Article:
THE CHALLENGE

SAFE ROADS FOR LIFE 

THE CHALLENGE 

AIP Foundation was established in 1999, first in Vietnam, to implement life-saving, road crash prevention interventions and combat the growing crisis occurring across low and middle-income countries. Our offices and operations expand across Cambodia, China, India, Myanmar, Thailand, Vietnam, and the Philippines, and previously had programs in Africa and Latin America.

 
Children are at risk

The road is an unforgiving environment. Every day, 200 children are killed in road traffic, many of them due to small mistakes when they try to cross the road, or as passengers on their mother’s or father’s motorbike.

Children struggle to understand how road traffic system works and they lack the sensory skills to assess speeds and risks.

At AIP we believe this is a completely unacceptable situation and we urgently want to change it. 

The road is an unforgiving environment. Every day, 200 children are killed in road traffic, many of them due to small mistakes when they try to cross the road, or as passengers on their mother’s or father’s motorbike.

Children struggle to understand how road traffic system works and they lack the sensory skills to assess speeds and risks.

At AIP we believe this is a completely unacceptable situation and we urgently want to change it. 

Helmet laws and enforcement are insufficient

Motorcyclists and cyclists pay a high price in case of a collision – often with their lives. Wearing a helmet is a cheap investment that can save lives. 

In the event of a crash, helmets are proven to reduce the risk of death by 42% and serious head injury by 69%. 

Moreover, it is easy to enforce. The use of helmets is, therefore, another low-hanging fruit. 

Motorcyclists and cyclists pay a high price in case of a collision – often with their lives. Wearing a helmet is a cheap investment that can save lives. 

In the event of a crash, helmets are proven to reduce the risk of death by 42% and serious head injury by 69%. 

Moreover, it is easy to enforce. The use of helmets is, therefore, another low-hanging fruit. 

Lack of sidewalks and safe crossings

Roads have for too many years been planned for vehicles alone. But they are also a part of the public space, namely where they traverse urban areas that often develop faster than expected. Here, safety should have first priority.

In many middle and low-income countries, there are a tremendous lack of sidewalks, safe crossing points, and traffic calming measures to secure adequate speeds.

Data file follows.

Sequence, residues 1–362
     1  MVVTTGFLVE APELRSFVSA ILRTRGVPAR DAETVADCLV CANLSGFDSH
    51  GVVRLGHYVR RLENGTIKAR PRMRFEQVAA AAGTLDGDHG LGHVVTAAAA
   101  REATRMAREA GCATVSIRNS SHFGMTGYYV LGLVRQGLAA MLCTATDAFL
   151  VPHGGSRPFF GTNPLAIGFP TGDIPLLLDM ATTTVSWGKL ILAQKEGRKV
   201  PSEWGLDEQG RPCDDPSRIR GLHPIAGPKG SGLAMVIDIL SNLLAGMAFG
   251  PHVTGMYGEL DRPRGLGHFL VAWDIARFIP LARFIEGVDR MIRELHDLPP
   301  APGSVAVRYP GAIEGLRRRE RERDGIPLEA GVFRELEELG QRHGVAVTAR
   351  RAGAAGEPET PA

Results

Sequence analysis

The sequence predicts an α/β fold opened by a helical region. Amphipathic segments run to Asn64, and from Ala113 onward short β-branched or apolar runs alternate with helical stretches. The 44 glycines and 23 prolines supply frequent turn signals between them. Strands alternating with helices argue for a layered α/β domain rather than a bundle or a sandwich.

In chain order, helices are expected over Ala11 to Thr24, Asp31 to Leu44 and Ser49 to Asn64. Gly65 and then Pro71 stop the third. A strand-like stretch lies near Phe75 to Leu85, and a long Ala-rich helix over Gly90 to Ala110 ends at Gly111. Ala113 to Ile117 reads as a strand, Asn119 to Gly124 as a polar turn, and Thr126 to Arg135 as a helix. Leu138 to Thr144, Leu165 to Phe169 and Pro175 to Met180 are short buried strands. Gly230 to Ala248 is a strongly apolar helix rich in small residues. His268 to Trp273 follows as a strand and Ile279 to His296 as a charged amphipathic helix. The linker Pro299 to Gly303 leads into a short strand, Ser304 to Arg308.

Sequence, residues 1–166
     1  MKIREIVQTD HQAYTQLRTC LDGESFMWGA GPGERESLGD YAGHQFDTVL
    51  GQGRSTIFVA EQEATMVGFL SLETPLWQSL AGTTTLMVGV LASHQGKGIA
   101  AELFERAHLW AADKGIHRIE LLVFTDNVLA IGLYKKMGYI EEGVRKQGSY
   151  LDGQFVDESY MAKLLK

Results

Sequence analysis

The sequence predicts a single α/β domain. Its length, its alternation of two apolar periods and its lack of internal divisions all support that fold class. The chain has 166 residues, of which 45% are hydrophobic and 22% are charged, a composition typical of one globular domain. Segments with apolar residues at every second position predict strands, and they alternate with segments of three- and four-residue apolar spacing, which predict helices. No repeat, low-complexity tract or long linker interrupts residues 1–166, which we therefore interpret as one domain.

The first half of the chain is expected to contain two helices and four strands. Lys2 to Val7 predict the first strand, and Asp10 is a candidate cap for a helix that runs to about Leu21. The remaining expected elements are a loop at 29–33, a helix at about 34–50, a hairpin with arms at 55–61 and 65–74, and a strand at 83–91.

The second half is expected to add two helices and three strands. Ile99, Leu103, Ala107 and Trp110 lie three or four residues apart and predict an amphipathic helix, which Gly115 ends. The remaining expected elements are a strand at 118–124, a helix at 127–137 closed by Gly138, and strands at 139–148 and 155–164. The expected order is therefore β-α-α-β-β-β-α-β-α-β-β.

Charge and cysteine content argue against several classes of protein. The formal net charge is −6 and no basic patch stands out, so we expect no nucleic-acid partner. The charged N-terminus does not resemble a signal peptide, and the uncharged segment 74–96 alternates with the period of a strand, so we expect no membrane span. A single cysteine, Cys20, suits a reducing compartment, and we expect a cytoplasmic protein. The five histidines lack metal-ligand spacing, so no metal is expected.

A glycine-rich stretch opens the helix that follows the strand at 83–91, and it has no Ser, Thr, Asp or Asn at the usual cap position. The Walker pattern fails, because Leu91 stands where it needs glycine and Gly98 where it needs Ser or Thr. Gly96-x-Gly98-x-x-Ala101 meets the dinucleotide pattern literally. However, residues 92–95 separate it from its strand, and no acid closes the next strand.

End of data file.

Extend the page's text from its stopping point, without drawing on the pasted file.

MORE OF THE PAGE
övergångsställe

Roads have for too many years been planned for vehicles alone. But they are also a part of the public space, namely where they traverse urban areas that often develop faster than expected. Here, safety should have first priority.

In many middle and low-income countries, there are a tremendous lack of sidewalks, safe crossing points, and traffic calming measures to secure adequate speeds. 

Advocacy for change is inadequate

In spite of the colossal loss of life, suffering and socio-economic losses, decision makers and authorities responsible for developing and managing road traffic systems worldwide are not committed to take responsibility and act.

Some are simply unaware of their responsibility and the options available to prevent road crashes. 

In spite of the colossal loss of life, suffering and socio-economic losses, decision makers and authorities responsible for developing and managing road traffic systems worldwide are not committed to take responsibility and act.

Some are simply unaware of their responsibility and the options available to prevent road crashes. 

Speeds are too high

The higher the speed, the more risk of a crash, and the worse the consequences will be when things go wrong.  A 5% cut in average vehicle speed can result in a 30% reduction in fatal crashes.

This is a physical fact, yet there is a general lack of understanding of this and lack of action to control speeds effectively.

All the tools are at hand – knowledge, legislation, and technology – and speed management is therefore mainly a question of political and institutional will. It is a ‘low hanging’ fruit  which can yield good results at a low cost. 

The higher the speed, the more risk of a crash, and the worse the consequences will be when things go wrong.  A 5% cut in average vehicle speed can result in a 30% reduction in fatal crashes.

This is a physical fact, yet there is a general lack of understanding of this and lack of action to control speeds effectively.

All the tools are at hand – knowledge, legislation, and technology – and speed management is therefore mainly a question of political and institutional will. It is a ‘low hanging’ fruit  which can yield good results at a low cost. 

Poor road signs and markings

Good signs and markings are important for safety but are often poorly maintained and perceived as something optional.

However, they will be increasingly important with the emergence of automated vehicles as they will form the primary guidance system for a mix of human road users and automated vehicles, which must respect exactly the same rules.

Signs and markings, therefore, need to be well planned, clear and unambiguous.

Good signs and markings are important for safety but are often poorly maintained and perceived as something optional.

However, they will be increasingly important with the emergence of automated vehicles as they will form the primary guidance system for a mix of human road users and automated vehicles, which must respect exactly the same rules.

Signs and markings, therefore, need to be well planned, clear and unambiguous.

WE NEED TO

BECOME SAFETY AWARE

  • ROAD CRASHES 

           are a leading cause of death for children

            and young adults

  • EVERY 24 SECONDS

           someone is killed on the world’s roads

  • EACH YEAR 1.35 MILLION FATALITIES

       and 50 million injuries occur